We call on the Armenian government:

* to establish an agenda and timetable for legislative reform to grant LGBT persons in Armenia equality under the law;

* to propose a plan to promote tolerance and respect throughout society for LGBT persons, including through the issuance of public statements and the establishment of a public education program;

* to issue a statement condemning all attacks against LGBT persons and a commitment to investigating and punishing perpetrators and providing protection for LGBT persons.

We call on Armenian political parties to clearly express their support for such a reform agenda and plan, and to issue their own condemnations of attacks against the LGBT community. Every Armenian voter is entitled to know where each party stands on these issues.

We call on international Armenian organizations, including Armenian churches of all denominations, to clearly express their support for such a reform agenda and plan, and to issue their own condemnations of attacks against the LGBT community. Every Armenian around the world who supports these organizations deserves to know where they stand on these issues.

Signatories

Armenian Progressive Youth NGO (Armenia)

Association Hyestart (Switzerland)

Charjoum (France)

Collectif de Soutien aux Militants Arméniens Jugés à Paris (France)

GALAS (Gay and Lesbian Armenian Society) (U.S.)

Nor Zartonk (Turkey)

PINK Armenia (Armenia)

Women’s Resource Center (Armenia)

Women’s Support Center (Armenia)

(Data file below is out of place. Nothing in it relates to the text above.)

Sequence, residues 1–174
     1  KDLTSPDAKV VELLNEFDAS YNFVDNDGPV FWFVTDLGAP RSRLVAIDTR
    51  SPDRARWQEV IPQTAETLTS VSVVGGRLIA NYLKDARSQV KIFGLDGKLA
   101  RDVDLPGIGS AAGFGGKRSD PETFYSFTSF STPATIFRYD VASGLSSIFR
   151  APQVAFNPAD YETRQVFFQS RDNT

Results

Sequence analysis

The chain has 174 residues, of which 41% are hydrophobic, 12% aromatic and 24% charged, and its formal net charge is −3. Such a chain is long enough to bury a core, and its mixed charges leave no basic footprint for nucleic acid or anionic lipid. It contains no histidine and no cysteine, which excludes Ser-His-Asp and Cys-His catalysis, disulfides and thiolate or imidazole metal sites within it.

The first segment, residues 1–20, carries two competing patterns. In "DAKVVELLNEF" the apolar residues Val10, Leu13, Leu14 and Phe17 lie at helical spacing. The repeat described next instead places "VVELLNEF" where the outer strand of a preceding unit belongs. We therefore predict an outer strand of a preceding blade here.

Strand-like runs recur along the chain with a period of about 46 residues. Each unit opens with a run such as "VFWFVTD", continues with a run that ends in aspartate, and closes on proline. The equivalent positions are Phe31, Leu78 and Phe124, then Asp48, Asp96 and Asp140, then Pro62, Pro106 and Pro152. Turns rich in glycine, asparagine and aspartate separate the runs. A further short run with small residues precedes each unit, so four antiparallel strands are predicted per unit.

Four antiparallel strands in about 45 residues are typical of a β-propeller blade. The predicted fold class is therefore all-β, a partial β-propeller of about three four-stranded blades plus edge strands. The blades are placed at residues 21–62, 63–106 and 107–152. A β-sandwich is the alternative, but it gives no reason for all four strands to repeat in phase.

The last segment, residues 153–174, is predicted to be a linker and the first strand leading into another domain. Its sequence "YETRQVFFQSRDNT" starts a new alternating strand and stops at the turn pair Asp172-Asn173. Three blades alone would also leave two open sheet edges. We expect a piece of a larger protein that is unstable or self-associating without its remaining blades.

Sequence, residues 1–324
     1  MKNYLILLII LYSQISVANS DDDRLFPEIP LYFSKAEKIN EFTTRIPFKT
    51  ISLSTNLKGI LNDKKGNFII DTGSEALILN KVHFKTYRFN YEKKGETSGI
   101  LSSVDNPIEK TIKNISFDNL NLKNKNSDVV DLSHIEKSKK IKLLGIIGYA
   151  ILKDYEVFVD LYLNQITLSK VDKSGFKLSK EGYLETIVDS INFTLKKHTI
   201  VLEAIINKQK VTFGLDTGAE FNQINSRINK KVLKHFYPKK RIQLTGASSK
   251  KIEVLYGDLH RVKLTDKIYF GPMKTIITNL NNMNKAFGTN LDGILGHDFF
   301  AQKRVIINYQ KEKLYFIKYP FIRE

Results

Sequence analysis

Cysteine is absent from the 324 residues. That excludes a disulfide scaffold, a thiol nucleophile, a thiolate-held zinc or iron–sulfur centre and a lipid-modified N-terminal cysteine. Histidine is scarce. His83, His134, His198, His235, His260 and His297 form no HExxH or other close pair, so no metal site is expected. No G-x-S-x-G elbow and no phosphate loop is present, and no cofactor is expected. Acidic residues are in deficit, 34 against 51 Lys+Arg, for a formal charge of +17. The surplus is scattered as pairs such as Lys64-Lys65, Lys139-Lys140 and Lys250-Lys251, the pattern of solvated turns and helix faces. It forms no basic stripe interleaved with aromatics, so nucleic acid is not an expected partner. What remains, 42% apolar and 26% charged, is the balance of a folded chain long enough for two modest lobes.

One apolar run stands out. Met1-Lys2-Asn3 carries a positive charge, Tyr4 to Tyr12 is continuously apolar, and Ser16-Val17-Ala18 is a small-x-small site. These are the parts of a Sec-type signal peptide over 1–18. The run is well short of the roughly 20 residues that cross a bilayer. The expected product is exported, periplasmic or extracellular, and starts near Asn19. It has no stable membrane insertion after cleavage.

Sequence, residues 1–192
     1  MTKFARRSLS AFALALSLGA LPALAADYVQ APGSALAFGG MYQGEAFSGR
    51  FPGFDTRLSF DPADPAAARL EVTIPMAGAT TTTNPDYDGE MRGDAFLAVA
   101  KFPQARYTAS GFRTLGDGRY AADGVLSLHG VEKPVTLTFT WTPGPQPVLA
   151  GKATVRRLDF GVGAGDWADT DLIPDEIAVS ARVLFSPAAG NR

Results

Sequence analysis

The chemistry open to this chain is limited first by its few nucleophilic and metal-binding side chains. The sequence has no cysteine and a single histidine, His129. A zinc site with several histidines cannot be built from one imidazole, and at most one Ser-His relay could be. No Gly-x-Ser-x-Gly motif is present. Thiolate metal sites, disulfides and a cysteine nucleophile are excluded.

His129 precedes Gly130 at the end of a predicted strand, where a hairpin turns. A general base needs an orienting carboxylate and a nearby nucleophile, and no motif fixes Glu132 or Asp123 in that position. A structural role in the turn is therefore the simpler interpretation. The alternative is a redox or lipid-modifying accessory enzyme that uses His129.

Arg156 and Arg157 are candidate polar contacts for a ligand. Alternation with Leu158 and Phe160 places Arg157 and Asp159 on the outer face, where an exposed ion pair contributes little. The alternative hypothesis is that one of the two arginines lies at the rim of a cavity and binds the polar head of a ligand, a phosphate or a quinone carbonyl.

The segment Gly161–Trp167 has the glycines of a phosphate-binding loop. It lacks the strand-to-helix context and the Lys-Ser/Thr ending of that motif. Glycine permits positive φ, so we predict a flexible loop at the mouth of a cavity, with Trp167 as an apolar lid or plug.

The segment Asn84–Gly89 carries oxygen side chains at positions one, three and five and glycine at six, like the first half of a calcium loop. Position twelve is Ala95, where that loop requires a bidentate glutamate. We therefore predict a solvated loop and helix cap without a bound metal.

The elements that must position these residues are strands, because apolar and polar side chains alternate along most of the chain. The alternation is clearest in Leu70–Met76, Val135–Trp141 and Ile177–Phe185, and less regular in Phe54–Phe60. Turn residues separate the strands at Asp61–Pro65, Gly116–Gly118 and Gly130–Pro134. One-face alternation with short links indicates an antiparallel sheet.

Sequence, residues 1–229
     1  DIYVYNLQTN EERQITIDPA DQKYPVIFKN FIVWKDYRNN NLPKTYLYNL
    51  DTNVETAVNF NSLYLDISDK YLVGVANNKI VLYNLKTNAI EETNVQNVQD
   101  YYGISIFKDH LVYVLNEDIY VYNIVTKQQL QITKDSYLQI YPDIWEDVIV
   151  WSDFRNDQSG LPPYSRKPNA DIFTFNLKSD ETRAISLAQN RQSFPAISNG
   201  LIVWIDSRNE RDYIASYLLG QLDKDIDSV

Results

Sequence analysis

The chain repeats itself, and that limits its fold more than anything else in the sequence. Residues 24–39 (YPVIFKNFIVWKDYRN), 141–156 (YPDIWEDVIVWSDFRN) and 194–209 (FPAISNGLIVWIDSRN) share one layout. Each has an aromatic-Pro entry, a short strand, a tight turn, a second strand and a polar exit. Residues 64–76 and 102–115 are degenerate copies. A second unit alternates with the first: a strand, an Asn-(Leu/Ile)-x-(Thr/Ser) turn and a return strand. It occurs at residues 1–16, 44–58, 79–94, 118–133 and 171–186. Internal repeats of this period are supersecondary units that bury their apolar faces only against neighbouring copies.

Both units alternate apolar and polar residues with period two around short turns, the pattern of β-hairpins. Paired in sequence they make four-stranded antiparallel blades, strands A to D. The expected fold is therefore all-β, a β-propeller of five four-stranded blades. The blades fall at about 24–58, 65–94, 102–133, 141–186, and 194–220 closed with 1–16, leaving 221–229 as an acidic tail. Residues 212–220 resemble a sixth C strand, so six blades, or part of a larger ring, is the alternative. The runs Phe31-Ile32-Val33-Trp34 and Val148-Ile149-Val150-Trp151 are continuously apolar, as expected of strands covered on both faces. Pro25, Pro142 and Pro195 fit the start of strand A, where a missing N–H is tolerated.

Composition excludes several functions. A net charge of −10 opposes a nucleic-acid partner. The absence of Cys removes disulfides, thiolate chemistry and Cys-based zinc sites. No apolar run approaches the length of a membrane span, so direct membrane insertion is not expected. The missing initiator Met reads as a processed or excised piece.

Lena Adishian; Nancy Agabian; Liana Aghajanian; Lara Aharonian; Areg Anjargolyan; Michelle Andonian; Michael Aram; Nora Armani; Sophia Armen; Mika Artyan; Sevag Arzoumanian; Sebouh Aslanian; Anna Astvatsaturian-Turcotte; Dr. Arlene Voski Avakian; Sona Avakian; Manuk Avedikyan; Leslie Ayvazian; Dr. Art Babayants; Miganouche Lucy Baghramian; Sarkis Balkhian; David Barsamian; Anthony J. Barsamian; Nanore Barsoumian; Houri Berberian; Vahe Berberian; Paul Boghossian, FAAAS; Eric Bogosian; Chris Bohjalian; Haig Boyadjian; Deanne Cachoian-Schanz; Hovig Cancioglu; Talar Chahinian; Patricia Constantinian; Sylvia Dakessian; Tad Demir; Andrew Demirjian; Adrineh Der-Boghossian; Silvina Der Meguerditchian; Ani Eblighatian; Lerna Ekmekcioglu; Dahlia Elsayed; Ayda Erbal; Shant Fabricatorian; Linda Ganjian; Lenna Garibian; Houry  Geudelekian; Yeriche Gorizian; Rachel Goshgarian; Veken Gueyikian; Dr. Kaiane Habeshian; Maral Habeshian; Avedis Hadjian; Nonny Hogrogian; Mamikon Hovsepyan; Rafi Hovsepyan; Tamar Hovsepian; Arminé Iknadossian; Asthghik Iknatian, MS, CRC, LCPC; Dr. Armine Ishkanian; Rupen Janbazian; Audrey Kalajian; Makrouhi Kalayjian; Ani Kasparian; Nina Katchadourian; Olivia Katrandjian; Nora Kayserian; Nishan Kazazian, AIA; Alice A. Kelikian; Shushan Kerovpyan; Virginia Pattie Kerovpyan; Vivan Kessedjian; Amy L. Keyishian; Harry Keyishian; Michelle Khazaryan; Kyle Khandikian; David Kherdian; Anna Spano Kirkorian; Taline Kochayan; H. Lola Koundakjian; Nancy Kricorian; Susan Kricorian; Anaid Krikorian; Stephanie Kundakjian; Helen Makhdoumian; Marc Mamigonian; Shahe Mankerian; Christina Maranci; Elodie Mariani; Jeannie Markarian; Armen Marsoobian; Alina Martiros; Maro Matosian; Anna Mehrabyan; Markar Melkonian; Astghik Melkonyan; Sonia Merian; Ara H. Merjian; Takouhie Mgrditchian; Oksana Mirzoyan; Tro Momajian; Mark A. Momjian, Esqu.; Rachel O. Nadjarian; Carolann S. Najarian, MD; Arthur Nersesian; Marc Nichanian; FIlor Nighoghosian; Aline Ohanesian; Dr. Janice Dzovinar Okoomian; Norayr Olgar; Sevana Panosian; Hrag Papazian; Susan Pattie; Natalie Samarjian; Karineh Samkian; Caroline Saradjian; Alex Sardar; Nelli Sargsyan; Razmik Sarkissian; Aram Saroyan; Judith Saryan; Audrey Selian; Elyse Semerdjian; Anna Shahnazaryan; Lori A. Sinanian; Thomas Stepanian; Vahe Tachjian; Anoush F. Terjanian; Dr. Anita Toutikian; Scout Tufankjian; Anahid Ugurlayan; Hrag Vartanian; Dr. Nicole Vartanian; Armen Voskeridjian, MD; Chaghig Minassian Walker; Raffi Joe Wartanian; Sarah Leah Whitson; Anahid Yahjian; Laura Yardumian; Grigor Yeritsyan; Michael Zadoorian; Laura Zarougian; Lena Zinner, UCSD ‘18